2. end users (entities using a publicly available telecommunications service or requesting the provision of such a service to meet their own needs).

In the current legal state, the subjective scope of the prohibition is much wider. There is no restriction that has existed so far - the need to obtain prior consent no longer applies only to the consumer. Currently, this requirement also applies to the entrepreneur. In the case of legal persons (e.g. limited liability company, joint-stock company), consent should be granted in accordance with the rules of representation of that person, i.e. most often by members of the management board of a given organizational unit.

Spam in the act on the provision of electronic services

One cannot forget about Art. 10 of the Act on the provision of electronic services:

Art. 10. 1. It is forbidden to send unsolicited commercial information to a designated recipient who is a natural person by means of electronic communication, in particular e-mail.

2. Commercial information is considered to be ordered if the recipient has consented to receive such information, in particular, for this purpose he has made available an e-mail identifying him.

3. The action referred to in par. 1, constitutes an act of unfair competition within the meaning of the provisions of the Act referred to in Art. 9 sec. 3 point 1.


Pursuant to Art. 2 point 2 of the Act on the provision of electronic services:

commercial information is any information intended directly or indirectly to promote goods, services or the image of an entrepreneur or a person practicing a profession whose right to practice depends on meeting the requirements set out in separate acts, excluding information enabling communication by means of electronic communication with a specific person and information about goods and services that do not achieve the commercial effect desired by the entity that orders its dissemination, in particular without remuneration or other benefits from producers, sellers and service providers;


Spam in the light of the Act on Combating Unfair Competition:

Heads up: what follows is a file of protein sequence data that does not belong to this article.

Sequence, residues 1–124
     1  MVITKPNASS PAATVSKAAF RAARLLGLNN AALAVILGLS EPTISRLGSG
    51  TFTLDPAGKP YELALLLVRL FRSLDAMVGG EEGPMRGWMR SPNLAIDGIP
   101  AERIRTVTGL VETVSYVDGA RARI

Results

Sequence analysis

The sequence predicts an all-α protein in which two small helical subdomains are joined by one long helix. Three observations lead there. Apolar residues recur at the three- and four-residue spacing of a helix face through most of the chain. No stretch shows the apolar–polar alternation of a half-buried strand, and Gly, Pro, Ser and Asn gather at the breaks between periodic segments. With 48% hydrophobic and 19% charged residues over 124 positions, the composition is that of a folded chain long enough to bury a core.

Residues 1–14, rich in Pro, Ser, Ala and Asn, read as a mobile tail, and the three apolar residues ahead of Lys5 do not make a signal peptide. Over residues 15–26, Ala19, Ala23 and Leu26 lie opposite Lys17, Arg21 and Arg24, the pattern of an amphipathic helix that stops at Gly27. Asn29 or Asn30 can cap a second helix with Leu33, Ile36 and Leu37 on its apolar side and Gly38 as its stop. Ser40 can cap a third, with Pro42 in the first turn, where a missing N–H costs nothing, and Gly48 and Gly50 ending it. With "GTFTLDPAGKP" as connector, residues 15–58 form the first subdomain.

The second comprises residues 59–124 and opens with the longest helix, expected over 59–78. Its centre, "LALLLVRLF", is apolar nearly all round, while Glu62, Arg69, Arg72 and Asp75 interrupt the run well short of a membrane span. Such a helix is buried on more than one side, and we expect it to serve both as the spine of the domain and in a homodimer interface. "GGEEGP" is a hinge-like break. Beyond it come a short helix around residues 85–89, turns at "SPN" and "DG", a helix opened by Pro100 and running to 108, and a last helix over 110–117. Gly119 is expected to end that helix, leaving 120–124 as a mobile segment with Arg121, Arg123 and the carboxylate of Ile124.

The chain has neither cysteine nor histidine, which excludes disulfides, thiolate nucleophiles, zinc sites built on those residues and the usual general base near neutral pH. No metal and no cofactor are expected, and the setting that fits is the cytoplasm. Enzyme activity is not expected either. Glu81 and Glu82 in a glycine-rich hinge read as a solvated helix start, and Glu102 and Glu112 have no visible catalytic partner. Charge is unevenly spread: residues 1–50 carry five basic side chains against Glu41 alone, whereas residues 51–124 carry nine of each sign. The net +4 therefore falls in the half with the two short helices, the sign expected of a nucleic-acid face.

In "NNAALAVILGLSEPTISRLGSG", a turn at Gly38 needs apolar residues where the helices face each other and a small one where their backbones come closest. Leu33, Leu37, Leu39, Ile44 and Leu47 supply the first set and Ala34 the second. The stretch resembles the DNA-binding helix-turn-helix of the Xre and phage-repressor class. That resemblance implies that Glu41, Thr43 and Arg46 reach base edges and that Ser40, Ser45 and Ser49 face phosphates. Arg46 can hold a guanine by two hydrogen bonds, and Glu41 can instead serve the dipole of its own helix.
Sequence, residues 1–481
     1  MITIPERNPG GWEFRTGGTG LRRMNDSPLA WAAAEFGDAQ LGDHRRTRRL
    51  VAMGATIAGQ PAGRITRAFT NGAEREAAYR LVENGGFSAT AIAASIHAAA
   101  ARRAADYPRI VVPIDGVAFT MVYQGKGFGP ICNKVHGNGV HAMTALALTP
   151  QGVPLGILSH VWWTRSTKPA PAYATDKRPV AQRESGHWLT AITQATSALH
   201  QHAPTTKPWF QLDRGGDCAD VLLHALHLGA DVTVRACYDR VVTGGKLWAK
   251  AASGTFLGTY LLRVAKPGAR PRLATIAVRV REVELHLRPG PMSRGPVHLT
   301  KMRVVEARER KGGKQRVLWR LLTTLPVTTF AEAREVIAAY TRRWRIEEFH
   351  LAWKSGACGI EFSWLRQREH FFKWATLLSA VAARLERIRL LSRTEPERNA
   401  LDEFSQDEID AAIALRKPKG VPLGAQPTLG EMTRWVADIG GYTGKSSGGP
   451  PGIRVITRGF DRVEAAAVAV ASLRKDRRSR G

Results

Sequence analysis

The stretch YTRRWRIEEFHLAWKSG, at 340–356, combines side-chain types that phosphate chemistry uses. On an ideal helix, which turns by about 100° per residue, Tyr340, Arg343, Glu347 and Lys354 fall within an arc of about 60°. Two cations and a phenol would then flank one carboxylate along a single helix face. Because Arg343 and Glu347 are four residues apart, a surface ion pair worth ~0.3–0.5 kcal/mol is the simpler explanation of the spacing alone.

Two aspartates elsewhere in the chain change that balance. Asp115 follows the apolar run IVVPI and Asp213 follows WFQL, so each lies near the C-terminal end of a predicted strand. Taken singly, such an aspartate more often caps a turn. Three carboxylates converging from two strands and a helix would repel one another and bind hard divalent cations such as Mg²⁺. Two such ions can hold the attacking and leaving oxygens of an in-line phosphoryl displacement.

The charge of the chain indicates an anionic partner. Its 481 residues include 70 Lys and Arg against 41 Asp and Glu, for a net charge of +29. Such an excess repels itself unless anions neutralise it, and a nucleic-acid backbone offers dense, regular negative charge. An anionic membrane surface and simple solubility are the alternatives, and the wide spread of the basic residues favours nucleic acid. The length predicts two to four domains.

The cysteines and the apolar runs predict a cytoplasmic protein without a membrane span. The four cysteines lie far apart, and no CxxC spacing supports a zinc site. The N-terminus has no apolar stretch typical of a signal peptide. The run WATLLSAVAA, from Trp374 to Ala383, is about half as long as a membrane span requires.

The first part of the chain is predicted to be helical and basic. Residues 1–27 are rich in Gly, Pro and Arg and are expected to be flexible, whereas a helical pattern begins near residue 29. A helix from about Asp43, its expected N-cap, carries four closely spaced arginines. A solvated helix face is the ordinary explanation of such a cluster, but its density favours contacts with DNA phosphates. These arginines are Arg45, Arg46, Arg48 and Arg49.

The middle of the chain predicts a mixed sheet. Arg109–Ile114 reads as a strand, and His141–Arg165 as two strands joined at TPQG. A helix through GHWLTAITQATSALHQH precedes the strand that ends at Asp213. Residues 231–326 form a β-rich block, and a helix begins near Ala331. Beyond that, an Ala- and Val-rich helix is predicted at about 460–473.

Art. 16. 1. An act of unfair competition in the field of advertising is in particular:

5) advertising, which constitutes a significant interference in the sphere of privacy, in particular by inconvenient for customers in public places, sending unsolicited goods at the customer's expense or abuse of technical means of communication

Spam in other laws

Sending unsolicited commercial information may be treated as an infringement of personal rights. Liability for infringement of personal rights is governed by the provisions of the Civil Code (Articles 23 and 24). In turn, the Criminal Code provides for a number of crimes which are the basis of spamming. Spam may also violate the provisions of the Personal Data Protection Act. An e-mail address can be considered personal data when its components make it possible to identify its owner without excessive costs, time or effort.


As you can see, a large number of legal acts deal with the legal regulation of spam. In order for a message to be considered as ordered, the end recipient must consent to receiving it. Consent cannot be presumed and, moreover, it may be revoked at any time. Sending an e-mail to a potential contractor with a request for consent to sending commercial information may also be treated as spam. It should be remembered that spam is not only bothersome advertisements sent via e-mail, but also correspondence appearing on other communication platforms. Mass sending of unsolicited commercial information may have a number of negative consequences for senders.